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Food Waste Around the World, Episode 14: Slovakia

Food Waste Around the World is a Food Circle’s project aimed at providing information and raising awareness about food waste. The project is designed as a series of interviews with students coming from different countries with the aim of understanding how this issue is tackled and perceived around the world. This is made possible thanks to Sapient, the mother company of Food Circle, which every year offers internships to students from all around the world creating a unique multicultural environment.

Today we speak with Ema, from Slovakia!

"Implementing awareness and good habits against food waste from a young age is very important because they’ll inevitably set the standards for future generations."


Hi Ema, welcome to this interview and thank you for participating in the project Food Waste Around the world. To start, can you tell me where are you from and a little bit about yourself?

Hi, thank you for having me. My full name is Ema Halikova and I’m originally from Slovakia. I only lived there until the age of 11 though, and then we moved to China for 5 years. After that we moved to Poland, where I graduated high school. I then went on to study TV and Radio production in Scotland. Now I live in Amsterdam, interning at Sapient.

Interesting! And what is the food waste situation in Slovakia? Is it a big issue?

I was actually quite surprised because it seems to be a bigger problem than I thought. It's not as bad as the Netherlands, but while doing research I found that a single person throws around 100.10 kg of food per year. Recently, there was a survey by the Ministry of Agriculture and they found that 26% of the population admitted to wasting food. Food waste comes from the whole process of production, distribution and consumption, but it was found out that 50% comes from the consumers. Among these consumers, it’s mostly those from 23 to 50 years old.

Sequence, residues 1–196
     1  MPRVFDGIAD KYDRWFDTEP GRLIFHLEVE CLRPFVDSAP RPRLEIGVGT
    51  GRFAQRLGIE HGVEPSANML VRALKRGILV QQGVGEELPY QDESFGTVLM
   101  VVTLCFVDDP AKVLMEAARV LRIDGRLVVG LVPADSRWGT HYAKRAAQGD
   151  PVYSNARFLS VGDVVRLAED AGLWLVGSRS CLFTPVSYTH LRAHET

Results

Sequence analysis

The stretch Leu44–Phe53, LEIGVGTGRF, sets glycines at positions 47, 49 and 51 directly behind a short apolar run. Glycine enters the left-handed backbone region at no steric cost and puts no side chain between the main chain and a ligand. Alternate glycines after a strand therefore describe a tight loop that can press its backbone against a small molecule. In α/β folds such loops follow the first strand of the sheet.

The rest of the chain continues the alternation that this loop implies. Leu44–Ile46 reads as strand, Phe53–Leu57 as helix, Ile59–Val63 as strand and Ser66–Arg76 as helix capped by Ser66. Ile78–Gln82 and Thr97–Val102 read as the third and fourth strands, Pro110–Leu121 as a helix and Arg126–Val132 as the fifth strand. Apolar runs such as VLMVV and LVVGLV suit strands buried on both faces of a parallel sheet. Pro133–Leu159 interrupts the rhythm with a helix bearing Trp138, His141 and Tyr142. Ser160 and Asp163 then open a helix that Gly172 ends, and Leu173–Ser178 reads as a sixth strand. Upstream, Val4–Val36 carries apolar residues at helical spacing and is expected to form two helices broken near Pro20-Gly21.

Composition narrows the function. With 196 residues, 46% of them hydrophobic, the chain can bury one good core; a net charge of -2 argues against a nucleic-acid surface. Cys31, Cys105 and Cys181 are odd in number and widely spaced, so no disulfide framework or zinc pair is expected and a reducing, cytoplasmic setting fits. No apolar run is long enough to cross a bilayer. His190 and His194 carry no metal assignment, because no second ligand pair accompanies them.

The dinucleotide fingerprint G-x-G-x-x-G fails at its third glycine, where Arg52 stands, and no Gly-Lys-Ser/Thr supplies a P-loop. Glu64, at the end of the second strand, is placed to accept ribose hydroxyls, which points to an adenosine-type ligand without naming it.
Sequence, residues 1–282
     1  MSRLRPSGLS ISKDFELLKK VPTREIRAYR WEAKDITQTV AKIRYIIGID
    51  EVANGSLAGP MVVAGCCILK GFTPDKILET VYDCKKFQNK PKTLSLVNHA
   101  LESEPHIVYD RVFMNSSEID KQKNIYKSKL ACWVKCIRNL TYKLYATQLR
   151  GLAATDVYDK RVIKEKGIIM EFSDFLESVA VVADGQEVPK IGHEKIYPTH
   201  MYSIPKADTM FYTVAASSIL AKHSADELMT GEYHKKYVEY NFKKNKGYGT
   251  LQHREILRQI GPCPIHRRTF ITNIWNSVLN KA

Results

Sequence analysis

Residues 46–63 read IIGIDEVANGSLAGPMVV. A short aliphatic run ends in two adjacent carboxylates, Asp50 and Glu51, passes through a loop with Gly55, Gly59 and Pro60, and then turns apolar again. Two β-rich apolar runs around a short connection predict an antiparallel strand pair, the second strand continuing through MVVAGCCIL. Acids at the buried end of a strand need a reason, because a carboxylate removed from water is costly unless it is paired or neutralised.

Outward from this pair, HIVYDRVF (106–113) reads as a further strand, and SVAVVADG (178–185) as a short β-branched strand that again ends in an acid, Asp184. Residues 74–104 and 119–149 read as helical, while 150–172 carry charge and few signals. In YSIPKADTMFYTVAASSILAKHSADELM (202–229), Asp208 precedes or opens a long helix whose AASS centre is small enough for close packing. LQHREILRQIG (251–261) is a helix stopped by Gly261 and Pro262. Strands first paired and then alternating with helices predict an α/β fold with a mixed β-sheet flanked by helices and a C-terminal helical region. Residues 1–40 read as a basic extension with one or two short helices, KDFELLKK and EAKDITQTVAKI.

Could you notice any differences in what you see in Slovakia compared to the Netherlands in terms of food waste?

People in the Netherlands are definitely more aware about the issue and there are a lot more food waste organizations. In Slovakia, I don’t know about many, but I saw that they created a new app called Hungry Slovak. In this app, cafes and restaurants offer their leftovers at a cheaper price for registered users. There is also an organization called Free Food that fights food waste through different projects. Here in the Netherlands, Sapient’s internal project Food Circle now networks with more than 30 different food waste organizations and these are just in Amsterdam.

Who is really driving the attention or raising awareness on the food waste issue? Is it the government or are the NGO’s and small communities?

I think it's a mix of both. I've seen that the government in Slovakia is actually trying to do a lot, which is very surprising since in most countries it's the organizations. In 2016, the Ministry of Agriculture and Rural Development passed a law that allowed food past their expiry date to be given to different food waste organizations and charities. So you could say they kind of work together.

Are you aware of any specific initiatives to address food waste?

There's the app Hungry Slovak, as I mentioned before, which is pretty new and has a lot of potential when it comes to reducing food waste in hospitality. There is also Free Food, who work on projects such as placing community refrigerators outside for anyone who doesn’t want to waste food and for those who need it.

Do you think that the government will do more in the future? Do you think that food waste is a priority in their agenda?

We recently got a new president, our first female president, which is very exciting. She has modern ideologies and her thinking is very eco oriented which is a big step in the Slovak politics. I can’t say how big of a priority food waste is, but I do believe she has a lot of potential to make sustainable changes.

At last, What do you think could be the possible next steps to be taken by the different organisations? Do you think it needs to come from the community following a bottom-up approach or top-down from the government?

I definitely think it has to be a mix of both. I believe implementing awareness against food waste from a young age is very important because they’ll inevitably set the standards for future generations. Education needs to be changed and more focused on sustainability and of course food waste. If people get educated, there won’t be a need for organizations that fight against environmental issues. Until then, organizations have to fight and bring as much awareness as they can!

Perfect. Okay, that would be it. Thank you very much.

Thank you for having me.


Interviewer: Ilaha Aliyeva

Interviewed: Ema Halikova

Editor and writer: Ilaha Aliyeva

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